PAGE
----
David Suzuki calls "YES!" campaign "one of the most important decisions facing our region"
The YES! campaign launch drew a broad spectrum of support
Hundreds from Vancouver's business, labour, student, environmental and health sectors packed into a conference room at Simon Fraser University’s Segal Building on Thursday to commit to voting "Yes" in the upcoming transportation referendum.
Seated in the front row was David Suzuki. He observed members of his team from the David Suzuki Foundation holding large ‘YES!’ signs and listened as they spoke in favour of the additional 0.5 per cent sales tax to fund TransLink initiatives. Suzuki said it is one of the most important decisions facing Metro Vancouver, one with the potential to improve quality of life in the region for years to come.
"These diverse groups are united in their knowledge that this referendum is one of the most important decisions facing our region, for the economy, environment, health and our quality of life," said Peter Robinson, CEO of the David Suzuki Foundation, in a press release.
The $7.5 billion plan sets to cut traffic congestion by 20 per cent, shorten commute times by up to 30 minutes a day for some routes, while also providing 70 per cent of Metro Vancouver residents access to more frequent transit service.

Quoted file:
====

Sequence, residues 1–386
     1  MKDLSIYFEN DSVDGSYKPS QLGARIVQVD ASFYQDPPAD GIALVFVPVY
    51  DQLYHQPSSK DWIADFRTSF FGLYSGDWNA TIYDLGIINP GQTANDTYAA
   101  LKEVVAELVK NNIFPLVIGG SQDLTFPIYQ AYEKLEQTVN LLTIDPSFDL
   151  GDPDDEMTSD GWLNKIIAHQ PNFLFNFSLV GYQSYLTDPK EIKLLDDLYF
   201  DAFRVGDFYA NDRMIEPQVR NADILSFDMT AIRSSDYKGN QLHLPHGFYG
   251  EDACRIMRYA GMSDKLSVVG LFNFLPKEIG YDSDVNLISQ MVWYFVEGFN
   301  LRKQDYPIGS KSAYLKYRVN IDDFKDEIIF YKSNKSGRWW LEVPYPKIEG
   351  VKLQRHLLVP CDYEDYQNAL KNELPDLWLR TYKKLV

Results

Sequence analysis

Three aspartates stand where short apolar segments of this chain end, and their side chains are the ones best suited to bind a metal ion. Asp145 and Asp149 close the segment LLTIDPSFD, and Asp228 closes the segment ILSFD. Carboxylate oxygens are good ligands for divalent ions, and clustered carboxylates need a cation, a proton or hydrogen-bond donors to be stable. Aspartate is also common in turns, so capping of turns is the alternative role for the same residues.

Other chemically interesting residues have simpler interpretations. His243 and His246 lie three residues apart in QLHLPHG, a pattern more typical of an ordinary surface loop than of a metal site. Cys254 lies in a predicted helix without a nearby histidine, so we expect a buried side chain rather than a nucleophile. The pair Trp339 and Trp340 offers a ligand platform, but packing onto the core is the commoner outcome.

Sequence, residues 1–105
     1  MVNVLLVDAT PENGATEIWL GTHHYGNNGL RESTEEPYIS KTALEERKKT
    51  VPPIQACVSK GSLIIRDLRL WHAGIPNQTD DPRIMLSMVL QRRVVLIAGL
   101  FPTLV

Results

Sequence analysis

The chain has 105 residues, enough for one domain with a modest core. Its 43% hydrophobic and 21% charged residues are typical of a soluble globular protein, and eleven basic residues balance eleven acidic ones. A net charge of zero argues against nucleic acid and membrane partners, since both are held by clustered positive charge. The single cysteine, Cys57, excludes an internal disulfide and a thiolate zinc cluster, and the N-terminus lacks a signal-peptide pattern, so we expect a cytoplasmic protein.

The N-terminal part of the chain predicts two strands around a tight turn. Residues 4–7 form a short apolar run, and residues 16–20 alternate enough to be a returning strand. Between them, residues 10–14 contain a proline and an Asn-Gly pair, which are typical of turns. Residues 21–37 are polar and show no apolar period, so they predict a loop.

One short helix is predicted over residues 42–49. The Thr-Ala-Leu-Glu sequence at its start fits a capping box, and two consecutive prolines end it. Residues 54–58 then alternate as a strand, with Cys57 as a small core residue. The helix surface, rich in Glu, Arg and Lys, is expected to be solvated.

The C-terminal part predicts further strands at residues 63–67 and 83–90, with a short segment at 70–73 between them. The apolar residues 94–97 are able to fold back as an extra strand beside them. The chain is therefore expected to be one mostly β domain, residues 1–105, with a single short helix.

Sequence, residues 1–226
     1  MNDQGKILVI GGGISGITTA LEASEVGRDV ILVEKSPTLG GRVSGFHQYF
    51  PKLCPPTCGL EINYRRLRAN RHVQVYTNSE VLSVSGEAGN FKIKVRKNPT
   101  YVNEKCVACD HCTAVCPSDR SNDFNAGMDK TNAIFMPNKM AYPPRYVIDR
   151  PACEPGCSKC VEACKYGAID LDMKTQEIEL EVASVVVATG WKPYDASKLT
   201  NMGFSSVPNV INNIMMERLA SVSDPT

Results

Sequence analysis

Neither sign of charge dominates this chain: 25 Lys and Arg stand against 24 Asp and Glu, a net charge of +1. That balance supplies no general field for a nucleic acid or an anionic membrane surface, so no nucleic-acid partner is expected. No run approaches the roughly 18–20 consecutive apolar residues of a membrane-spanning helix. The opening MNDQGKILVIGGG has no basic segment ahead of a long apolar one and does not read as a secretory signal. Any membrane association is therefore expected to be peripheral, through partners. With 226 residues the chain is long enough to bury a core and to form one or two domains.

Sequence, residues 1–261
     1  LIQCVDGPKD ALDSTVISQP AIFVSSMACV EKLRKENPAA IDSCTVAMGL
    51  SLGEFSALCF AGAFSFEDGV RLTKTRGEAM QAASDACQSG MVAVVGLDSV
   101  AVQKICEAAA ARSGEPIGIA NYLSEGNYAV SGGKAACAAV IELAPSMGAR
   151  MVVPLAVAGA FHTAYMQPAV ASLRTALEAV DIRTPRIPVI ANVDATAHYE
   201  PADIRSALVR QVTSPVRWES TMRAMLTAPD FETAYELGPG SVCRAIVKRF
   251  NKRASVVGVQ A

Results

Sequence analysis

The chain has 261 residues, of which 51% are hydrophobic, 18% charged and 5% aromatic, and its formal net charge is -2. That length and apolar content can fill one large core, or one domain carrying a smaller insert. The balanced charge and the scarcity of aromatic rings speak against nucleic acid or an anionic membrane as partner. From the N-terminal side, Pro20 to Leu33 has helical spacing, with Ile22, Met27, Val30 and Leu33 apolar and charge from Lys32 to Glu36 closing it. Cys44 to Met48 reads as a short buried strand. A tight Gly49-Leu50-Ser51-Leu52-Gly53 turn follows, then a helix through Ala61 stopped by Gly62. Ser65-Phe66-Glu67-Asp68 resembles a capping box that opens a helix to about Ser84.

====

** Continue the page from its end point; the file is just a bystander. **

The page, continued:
The release notes that more than 90 organizations representing hundreds of thousands of members rallied around the "Yes" vote for the Metro Vancouver Mayors' Council plan— and that the alliance, known as the Better Transit and Transportation Coalition (BTTC), has become the largest and most diverse coalition in support of a single issue in B.C.'s history.
"People from all walks of life know that we cannot afford to stand by as congestion worsens throughout the region," said Vancouver Board of Trade president and CEO Iain Black in the release. "Gridlock is costing our economy dearly and we must dramatically improve the movement of goods, services and people if we want to remain competitive."
The YES campaign's s first public event at the Segal Building, SFU. Courtesy of David Suzuki Foundation and Klix - Photography.
On the flip side is the No TransLink Tax Campaign, run by a group of citizens, small business owners and concerned activists wishing to avoid additional taxes. The group calls TransLink “an extremely wasteful organization.”
The "No" campaign’s website, launched last month, alleges that TransLink wastes money through over-staffing and criticizes 13 SkyTrain TVs that cost $523,000.
“We aren’t members of fancy advocacy organizations, lobbyists, insiders or elitists – we are everyday people who live across our great region,” the website's profile reads. “We believe that TransLink should get its house in order instead of raising taxes.”
Metro Vancouver residents will receive ballots in the mail beginning March 16 and have a deadline of May 29 to submit their vote.